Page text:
Though it suffers from having as many different tones as the last thirty years of Dulux catalogues sellotaped together, I found in my XCOM 2: War Of The Chosen review that the latest expansion for Firaxis’ game is an extremely effective remix of, basically, everything. But there’s one very small change in WOTC that I didn’t mention – a tiny thing with massive, massive repercussions for XCOM 2: War of the Chosen [official site]’s replayability.
There’s a lot of things that XCOM does different to its more measured and unpredictable precursor X-COM, but the way you research new military technology is not one of them. Make a choice over what tech you want to unlock (or lay the groundwork for next), wait several in-game days or weeks for it to complete, do it again – each time agonising that you might have sold yourself short by, say, choosing weapon upgrades instead of better armour.
It’s a system that I feel works very well – making a significant strategic choice that will very likely define your next few hours of play – but, depending on which iteration of the series we’re talking about, it at worst forces and at best encourages a single golden path of research. XCOM 2 already dialled this down a bit by adapting the types of enemies you face to where your soldiers are in terms of tech, plus there was a wider range of XCOM soldier skills to call upon, rather than total reliance on firepower and armour. Even so, one can’t really escape the ‘I need Plasma weapons and the bestest best armour’ stomp.
What WOTC introduces to solve this is your in-game scientists having flashes of ‘inspiration’, wherein they suddenly have a brainwave about a particular improvement. If you choose to take them up on their suggestion, they’ll take significantly less time to research that tech – but choose something else instead and the speed-up offer will be lost. It’s still a moment of dilemma, but this time it’s not simply ‘do I want X or Y’ but rather ‘do I want X enough to lose the opportunity to get Z super-fast?’
Because of this, I’ve spun off down totally different research paths than I’d planned to, and ended up getting certain techs way before I usually would – and others way later than I usually would. Compounding this is that inspiration can offer upgrades that are not otherwise available from Research or anything else in the game – bonuses such as one extra hitpoint of armour per soldier, or making stims reusable rather than disposable, or +1 damage on a certain type of weapon.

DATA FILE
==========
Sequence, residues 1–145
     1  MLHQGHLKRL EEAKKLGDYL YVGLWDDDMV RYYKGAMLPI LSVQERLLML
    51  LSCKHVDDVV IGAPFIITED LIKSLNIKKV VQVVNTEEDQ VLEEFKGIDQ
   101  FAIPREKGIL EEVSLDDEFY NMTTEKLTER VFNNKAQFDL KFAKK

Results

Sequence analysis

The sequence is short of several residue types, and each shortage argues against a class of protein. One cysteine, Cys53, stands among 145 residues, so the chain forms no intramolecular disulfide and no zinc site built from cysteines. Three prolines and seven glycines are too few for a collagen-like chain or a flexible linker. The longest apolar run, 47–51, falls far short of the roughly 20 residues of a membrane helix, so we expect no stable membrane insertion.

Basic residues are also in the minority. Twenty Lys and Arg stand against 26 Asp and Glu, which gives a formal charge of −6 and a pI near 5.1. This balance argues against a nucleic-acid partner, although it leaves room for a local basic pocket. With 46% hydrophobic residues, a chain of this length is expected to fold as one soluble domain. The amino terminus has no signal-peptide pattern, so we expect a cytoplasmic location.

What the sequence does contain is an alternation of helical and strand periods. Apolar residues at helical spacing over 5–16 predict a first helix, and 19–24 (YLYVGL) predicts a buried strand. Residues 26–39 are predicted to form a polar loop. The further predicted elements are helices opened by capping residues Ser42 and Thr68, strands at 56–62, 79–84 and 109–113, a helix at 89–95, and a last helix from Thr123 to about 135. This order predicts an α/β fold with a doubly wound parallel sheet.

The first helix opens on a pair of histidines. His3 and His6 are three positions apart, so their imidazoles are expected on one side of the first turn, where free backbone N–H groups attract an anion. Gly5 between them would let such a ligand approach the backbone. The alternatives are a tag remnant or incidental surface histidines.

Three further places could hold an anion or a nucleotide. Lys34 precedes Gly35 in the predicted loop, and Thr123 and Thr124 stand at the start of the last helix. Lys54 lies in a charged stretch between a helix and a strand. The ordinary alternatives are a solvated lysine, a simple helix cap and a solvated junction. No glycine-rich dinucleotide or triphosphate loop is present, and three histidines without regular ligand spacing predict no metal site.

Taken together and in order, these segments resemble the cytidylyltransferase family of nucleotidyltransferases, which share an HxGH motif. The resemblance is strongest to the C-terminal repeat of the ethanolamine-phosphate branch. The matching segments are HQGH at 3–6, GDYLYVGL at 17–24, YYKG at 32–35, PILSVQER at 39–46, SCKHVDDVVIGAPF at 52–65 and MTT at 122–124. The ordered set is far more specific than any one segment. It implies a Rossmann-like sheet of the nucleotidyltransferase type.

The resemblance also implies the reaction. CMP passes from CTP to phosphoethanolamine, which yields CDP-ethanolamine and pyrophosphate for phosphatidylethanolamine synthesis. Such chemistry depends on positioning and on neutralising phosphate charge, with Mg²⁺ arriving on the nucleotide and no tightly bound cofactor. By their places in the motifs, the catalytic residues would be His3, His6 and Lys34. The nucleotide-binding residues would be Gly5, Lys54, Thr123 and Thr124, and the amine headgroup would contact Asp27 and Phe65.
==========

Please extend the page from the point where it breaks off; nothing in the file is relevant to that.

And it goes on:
These one-off toys are irresistible, even if, moments before, I was absolutely convinced that I must have Powered Armour or finish autopsying Gatekeepers. It’s both the immediacy of the bonus – concrete improvements to your existing squads rather than merely laying groundwork for what the squads might be capable of much later – and the idea that it’ll be lost forever if I don’t shift my plans over to it nownownow that motivates me so.
Every campaign, this stuff’ll go differently. I’ll research the core tech at different rates and in a different order, and may never even find my way to certain stuff, because instead I’m improving my military capabilities organically, in multiple and unexpected directions.
This all ties into other moves WOTC makes to prevent a linear stomp (such as broadening the ways to expand the resistance network and folding various one-off weapons from boss fights into the mix to reduce the need to reach specific weapon research milestones), guaranteeing difference every time.
Of course, it arguably also ties into that uncomfortable sense that XCOM has now fully become a game of outlandish superheroics and dubious internal logic. Why, for example, can scientists have a great idea about how to patch some extra plating onto armour now but will forget it about it later?
I’ve made my peace with this, more or less, but it does mean that we’re not closer to the XCOM series replacing X-COM – both continue to serve very different purposes. If, however, WOTC sounds far too lairy for your tastes, might I suggest you have scan our 50 best strategy games opinion-o-feature for something a little more sedate?